Each and everyday, we are changing, growing, learning, while attempting to navigate this crazy world. As parent we are hell bent on making sure that our children have all they need to be successful while teaching them the core values of a decent human being. It is our job and mission! For those of you who are like me… a control freak… it is difficult to let go and allow the child to make the mistakes, especially when you are able to prevent it. As I continue to push forward into to unknown territory, I am realizing that by taking control all the time, I am preventing my son’s growth and development when it comes to certain things. My issues with control could hinder his future understand of things if I try to protect him all the time. It was quite an epiphany! I am doing the same to his grieving process, and in turn my own.
I am flabbergasted at my son’s resilience. I know I have spoken about this before, but there have been so many changes. He has, some how, been able to keep it together for the most part. Yeah, yeah, yeah… I know that he is really too young to understand the concept of death, but he does notice and feel the absence. In dealing with my own grief, I compartmentalized the hurt and tried to just forget about it. I didn’t have time to deal with the emotions and hurt. Out of sight of mind right? Well, obviously, my son does not have the capacity to do this, and I am so grateful. In the times that I should be teaching him skills, I do believe that the teacher has become the student. Henry is expressive and opinionated, but that does not come as a shock given his parents! However, he is also very articulate and will be very direct with his feeling about wishing to see his daddy. He talks about it with such passion some days. It makes me smile and “ugly cry” at the same time. Each time this happens, which most recently has become a daily occurrence, it brings my own grief up to the surface. I have always tried to put on a strong face and smile to bring comfort to my son, but deep down my intuition is screaming to me, “Let it go!”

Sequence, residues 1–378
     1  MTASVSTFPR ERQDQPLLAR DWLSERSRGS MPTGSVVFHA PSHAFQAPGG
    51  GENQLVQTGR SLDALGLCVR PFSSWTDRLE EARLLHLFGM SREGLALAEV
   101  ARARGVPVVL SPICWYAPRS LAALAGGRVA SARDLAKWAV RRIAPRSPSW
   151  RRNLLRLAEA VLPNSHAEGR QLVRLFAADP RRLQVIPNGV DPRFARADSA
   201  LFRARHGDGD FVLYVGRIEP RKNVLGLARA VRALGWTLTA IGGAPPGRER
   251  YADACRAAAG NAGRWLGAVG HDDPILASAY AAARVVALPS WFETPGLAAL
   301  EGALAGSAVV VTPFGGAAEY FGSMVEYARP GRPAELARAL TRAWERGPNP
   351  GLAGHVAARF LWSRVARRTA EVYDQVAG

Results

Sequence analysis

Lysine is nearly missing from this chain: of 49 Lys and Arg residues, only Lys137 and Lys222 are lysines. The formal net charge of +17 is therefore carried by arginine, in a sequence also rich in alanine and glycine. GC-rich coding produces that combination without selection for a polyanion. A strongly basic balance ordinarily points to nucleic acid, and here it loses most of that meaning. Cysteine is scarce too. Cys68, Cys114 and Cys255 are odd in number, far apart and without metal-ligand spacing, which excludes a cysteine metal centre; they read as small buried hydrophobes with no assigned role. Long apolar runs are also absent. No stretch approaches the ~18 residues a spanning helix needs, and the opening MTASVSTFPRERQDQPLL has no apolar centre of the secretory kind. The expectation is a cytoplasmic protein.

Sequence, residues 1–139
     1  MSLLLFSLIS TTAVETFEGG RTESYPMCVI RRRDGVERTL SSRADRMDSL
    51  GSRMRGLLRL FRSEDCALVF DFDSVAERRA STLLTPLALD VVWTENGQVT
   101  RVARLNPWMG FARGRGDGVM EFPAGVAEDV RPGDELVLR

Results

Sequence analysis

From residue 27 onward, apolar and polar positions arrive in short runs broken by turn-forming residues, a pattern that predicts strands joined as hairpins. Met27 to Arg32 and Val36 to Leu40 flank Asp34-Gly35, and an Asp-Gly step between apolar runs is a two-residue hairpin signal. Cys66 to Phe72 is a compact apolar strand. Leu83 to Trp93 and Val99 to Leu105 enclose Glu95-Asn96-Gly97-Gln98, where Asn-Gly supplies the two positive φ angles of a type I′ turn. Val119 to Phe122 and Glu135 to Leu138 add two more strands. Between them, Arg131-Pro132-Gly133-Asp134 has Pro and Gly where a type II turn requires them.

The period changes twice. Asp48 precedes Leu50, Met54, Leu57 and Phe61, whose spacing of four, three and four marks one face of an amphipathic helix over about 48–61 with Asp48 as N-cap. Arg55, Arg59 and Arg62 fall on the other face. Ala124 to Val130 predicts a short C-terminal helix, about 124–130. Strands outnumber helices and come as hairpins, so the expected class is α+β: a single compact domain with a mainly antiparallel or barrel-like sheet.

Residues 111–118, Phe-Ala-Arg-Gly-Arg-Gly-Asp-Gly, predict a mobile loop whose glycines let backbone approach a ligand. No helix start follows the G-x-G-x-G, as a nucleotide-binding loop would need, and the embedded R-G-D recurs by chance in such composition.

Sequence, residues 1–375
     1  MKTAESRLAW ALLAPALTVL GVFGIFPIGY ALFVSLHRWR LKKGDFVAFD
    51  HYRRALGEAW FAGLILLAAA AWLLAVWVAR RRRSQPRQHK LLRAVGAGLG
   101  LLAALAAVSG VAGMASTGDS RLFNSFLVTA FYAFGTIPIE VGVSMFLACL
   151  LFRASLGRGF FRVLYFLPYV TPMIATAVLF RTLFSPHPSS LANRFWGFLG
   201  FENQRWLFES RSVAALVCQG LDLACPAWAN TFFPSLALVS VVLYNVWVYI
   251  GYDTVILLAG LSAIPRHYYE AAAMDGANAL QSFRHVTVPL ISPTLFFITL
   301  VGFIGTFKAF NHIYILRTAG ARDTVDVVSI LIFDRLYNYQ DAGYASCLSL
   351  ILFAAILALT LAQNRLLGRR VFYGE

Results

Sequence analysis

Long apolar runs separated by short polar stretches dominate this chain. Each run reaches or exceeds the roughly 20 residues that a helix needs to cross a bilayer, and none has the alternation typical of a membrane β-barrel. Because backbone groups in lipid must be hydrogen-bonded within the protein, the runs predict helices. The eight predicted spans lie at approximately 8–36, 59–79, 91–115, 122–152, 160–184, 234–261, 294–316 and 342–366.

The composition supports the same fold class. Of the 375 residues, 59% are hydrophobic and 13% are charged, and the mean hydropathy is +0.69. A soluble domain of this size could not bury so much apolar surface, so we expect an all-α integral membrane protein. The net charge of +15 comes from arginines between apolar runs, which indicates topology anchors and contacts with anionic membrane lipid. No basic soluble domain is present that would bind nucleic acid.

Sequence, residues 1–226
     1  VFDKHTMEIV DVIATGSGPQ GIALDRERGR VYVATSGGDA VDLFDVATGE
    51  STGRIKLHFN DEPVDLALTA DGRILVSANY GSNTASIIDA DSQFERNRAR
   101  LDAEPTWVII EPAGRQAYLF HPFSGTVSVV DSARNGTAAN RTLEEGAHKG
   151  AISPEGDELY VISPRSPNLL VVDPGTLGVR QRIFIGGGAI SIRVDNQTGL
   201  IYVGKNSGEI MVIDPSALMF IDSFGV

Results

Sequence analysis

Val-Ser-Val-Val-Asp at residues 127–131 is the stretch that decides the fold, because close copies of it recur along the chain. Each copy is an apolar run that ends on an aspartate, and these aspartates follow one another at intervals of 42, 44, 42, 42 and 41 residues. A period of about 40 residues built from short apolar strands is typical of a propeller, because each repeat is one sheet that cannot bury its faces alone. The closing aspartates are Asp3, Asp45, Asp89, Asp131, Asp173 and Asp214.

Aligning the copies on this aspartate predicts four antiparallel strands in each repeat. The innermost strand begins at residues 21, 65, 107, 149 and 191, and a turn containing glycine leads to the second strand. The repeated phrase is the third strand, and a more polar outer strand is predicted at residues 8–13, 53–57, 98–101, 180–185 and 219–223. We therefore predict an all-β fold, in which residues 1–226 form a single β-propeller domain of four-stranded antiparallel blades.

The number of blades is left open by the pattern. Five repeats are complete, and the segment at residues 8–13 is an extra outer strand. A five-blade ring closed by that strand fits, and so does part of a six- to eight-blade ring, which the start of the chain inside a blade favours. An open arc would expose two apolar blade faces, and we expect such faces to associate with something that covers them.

I cried for the first time in front of him the other day, and the response was mind blowing. Henry didn’t say a single word, but walked over rubbed my arm and then gave me a hug. After a few moments, he let go and said, “Mommy, I love you so much. You really are the best mommy around!” He didn’t ask why I was sad or crying, because something tells me he already knew. There are so many things that, I feel, we don’t give kids credit for. Their innocence and intuition is so strong, that they are able to provide comfort in ways that no one else can. Their truths are brutal, but necessary at times… well at least in our case. Henry has experienced something that I believe has truly aged him. He was an old soul to begin with, but he has grown in way that I could have never hoped to teach him. If anything, he has provided me with the strength the press on each and every day. He has reminded me that I am doing my best, and he notices. He forces me to work through my fears, insecurities, and emotions (when it comes to Adam). The crazy thing he doesn’t even realize he is doing this.
As we grow into adults, our views become skewed, either by the things we experienced or the things that we see going on. If not controlled it can make us bitter and worried about the future. Our children are our daily reminder to live in the now, celebrate the little things, and express our feelings and emotions. I know my son is the light that leads me through the darkness. His love and excitement rub off on me each and everyday. Even when it feel like the weight of the world rests on my shoulders, his giggle, his hugs, and everything he does ( with the exception of the crazy meltdowns! HA) cause me to take a deep breath and smile. The curiosity and emotional struggle he has regarding his daddy, is the catalyst to my healing. We can heal together! So rather that continue to avoid the conversation, or make it a quick as possible, we have begun to speak in length. Rather than running from the situation, we are facing it head on together.